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S.Africa names first female top prosecutor

President Cyril Ramaphosa named a respected female lawyer on Tuesday to head South Africa’s prosecuting authority which had been accused of improperly protecting former president Jacob Zuma.

His appointment of Shamila Batohi further distances him from Zuma’s scandal-tainted rule during which several top jobs, including head of the National Prosecuting Authority (NPA), were filled with loyalists.

“I am confident that the advocate possesses all the attributes of a capable National Director of Public Prosecutions… she has shown herself to be a fit and proper person,” Ramaphosa told reporters in Pretoria.

Batohi’s predecessor Shaun Abrahams was dubbed “Shaun the sheep” for his slavish loyalty to Zuma and repeatedly manoeuvered to protect him from facing a slew of corruption charges linked to a 1990s arms deal.

It was in the dying days of his tenure that Abrahams decided to reinstate the graft charges which Zuma is now seeking to have dropped.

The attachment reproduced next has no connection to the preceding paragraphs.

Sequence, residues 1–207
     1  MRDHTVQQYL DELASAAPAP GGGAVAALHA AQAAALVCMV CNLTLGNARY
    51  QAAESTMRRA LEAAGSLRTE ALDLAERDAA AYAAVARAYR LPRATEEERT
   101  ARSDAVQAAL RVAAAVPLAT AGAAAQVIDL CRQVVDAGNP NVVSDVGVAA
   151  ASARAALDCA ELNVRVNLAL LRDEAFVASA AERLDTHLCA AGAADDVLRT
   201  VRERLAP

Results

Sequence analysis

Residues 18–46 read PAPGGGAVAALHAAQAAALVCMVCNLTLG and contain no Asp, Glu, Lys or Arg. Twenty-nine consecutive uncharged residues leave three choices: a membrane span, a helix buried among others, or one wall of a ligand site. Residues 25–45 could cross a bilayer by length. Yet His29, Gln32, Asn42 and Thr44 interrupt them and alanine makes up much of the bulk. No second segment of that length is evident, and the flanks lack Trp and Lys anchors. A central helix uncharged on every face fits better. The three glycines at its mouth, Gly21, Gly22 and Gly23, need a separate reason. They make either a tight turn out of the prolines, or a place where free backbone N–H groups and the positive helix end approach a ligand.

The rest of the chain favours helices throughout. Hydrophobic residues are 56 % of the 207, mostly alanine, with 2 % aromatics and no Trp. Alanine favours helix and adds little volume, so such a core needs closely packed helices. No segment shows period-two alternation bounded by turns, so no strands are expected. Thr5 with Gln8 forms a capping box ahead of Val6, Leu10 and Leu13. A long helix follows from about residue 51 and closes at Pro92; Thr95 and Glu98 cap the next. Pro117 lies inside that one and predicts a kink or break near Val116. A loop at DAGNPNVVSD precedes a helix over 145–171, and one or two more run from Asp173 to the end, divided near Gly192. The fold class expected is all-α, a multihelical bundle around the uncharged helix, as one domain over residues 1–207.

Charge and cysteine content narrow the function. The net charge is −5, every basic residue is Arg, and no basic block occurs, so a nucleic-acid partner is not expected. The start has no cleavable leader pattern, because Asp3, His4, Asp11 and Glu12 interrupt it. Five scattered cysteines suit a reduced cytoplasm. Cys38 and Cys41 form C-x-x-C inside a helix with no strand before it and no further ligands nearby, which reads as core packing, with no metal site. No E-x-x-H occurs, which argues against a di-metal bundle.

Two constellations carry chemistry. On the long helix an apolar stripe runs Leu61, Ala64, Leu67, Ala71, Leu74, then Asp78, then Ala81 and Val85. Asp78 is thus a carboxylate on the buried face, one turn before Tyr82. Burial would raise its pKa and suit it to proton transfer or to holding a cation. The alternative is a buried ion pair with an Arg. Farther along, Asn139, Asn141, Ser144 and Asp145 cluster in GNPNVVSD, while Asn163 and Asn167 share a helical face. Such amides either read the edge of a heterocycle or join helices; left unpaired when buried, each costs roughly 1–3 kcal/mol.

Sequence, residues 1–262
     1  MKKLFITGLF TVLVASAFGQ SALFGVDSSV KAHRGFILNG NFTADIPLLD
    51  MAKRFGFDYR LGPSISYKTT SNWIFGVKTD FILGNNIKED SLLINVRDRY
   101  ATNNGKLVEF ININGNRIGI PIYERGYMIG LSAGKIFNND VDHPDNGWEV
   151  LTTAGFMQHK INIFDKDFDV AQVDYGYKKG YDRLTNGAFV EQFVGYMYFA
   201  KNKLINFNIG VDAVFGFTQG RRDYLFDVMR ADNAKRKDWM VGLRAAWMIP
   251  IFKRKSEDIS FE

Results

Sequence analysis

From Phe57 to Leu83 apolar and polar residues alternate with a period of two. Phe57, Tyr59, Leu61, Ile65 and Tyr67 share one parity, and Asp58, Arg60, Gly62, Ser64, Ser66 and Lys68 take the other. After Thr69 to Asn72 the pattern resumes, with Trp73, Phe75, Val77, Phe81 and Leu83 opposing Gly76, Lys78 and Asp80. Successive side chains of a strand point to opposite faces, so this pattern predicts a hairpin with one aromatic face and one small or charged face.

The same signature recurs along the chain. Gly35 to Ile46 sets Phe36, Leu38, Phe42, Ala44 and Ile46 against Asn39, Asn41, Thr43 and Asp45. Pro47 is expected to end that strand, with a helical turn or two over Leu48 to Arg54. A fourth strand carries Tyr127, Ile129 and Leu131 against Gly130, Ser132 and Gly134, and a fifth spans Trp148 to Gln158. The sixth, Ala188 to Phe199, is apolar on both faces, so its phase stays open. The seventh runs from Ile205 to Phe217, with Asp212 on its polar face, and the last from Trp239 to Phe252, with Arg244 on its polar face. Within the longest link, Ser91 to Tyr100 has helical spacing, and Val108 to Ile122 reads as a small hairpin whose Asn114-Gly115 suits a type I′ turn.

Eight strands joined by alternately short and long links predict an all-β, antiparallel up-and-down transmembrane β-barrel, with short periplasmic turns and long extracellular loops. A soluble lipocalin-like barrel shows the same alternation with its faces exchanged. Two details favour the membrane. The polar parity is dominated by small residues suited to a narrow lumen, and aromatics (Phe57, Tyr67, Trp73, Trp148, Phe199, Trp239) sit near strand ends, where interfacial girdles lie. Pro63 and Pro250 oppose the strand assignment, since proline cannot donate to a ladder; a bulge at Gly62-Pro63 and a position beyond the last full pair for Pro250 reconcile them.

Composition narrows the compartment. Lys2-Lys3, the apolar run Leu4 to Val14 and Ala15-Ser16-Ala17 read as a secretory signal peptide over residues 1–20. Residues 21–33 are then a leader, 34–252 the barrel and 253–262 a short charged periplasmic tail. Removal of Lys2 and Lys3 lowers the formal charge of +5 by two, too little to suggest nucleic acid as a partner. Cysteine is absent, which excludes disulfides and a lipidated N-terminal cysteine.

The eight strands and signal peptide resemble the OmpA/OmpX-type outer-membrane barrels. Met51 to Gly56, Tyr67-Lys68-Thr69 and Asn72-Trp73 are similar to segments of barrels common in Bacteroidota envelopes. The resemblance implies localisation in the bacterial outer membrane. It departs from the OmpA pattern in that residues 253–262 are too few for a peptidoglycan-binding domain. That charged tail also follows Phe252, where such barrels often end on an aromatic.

Abrahams was forced out after a court ruled that his initial appointment to the job was invalid.

“As we address matters that South Africans are most concerned about — such as state capture, corruption and widespread crime — our country needs a National Prosecuting Authority that is above reproach,” added Ramaphosa.

Batohi, the first female to occupy the role, is a former prosecutions chief in KwaZulu-Natal province and has served as senior adviser to the prosecutor at the International Criminal Court (ICC) since 2009.

In 1995, she was part of a high-level team appointed by Nelson Mandela to investigate apartheid-era hit squads.

“This is not just a political appointment. Perhaps it’s a sign that maybe we, as South Africa, appreciate the ICC and are rethinking our position on the ICC,” political analyst Ralph Mathekga told AFP.

Last year, the ICC’s judges ruled that South Africa flouted its duties by failing to arrest Sudanese President Omar al-Bashir during a 2015 visit, but they declined to refer the matter to the UN Security Council.

South Africa subsequently notified the court of its intention to leave, although the International Relations Minister Lindiwe Sisulu suggested earlier this year the government might reconsider.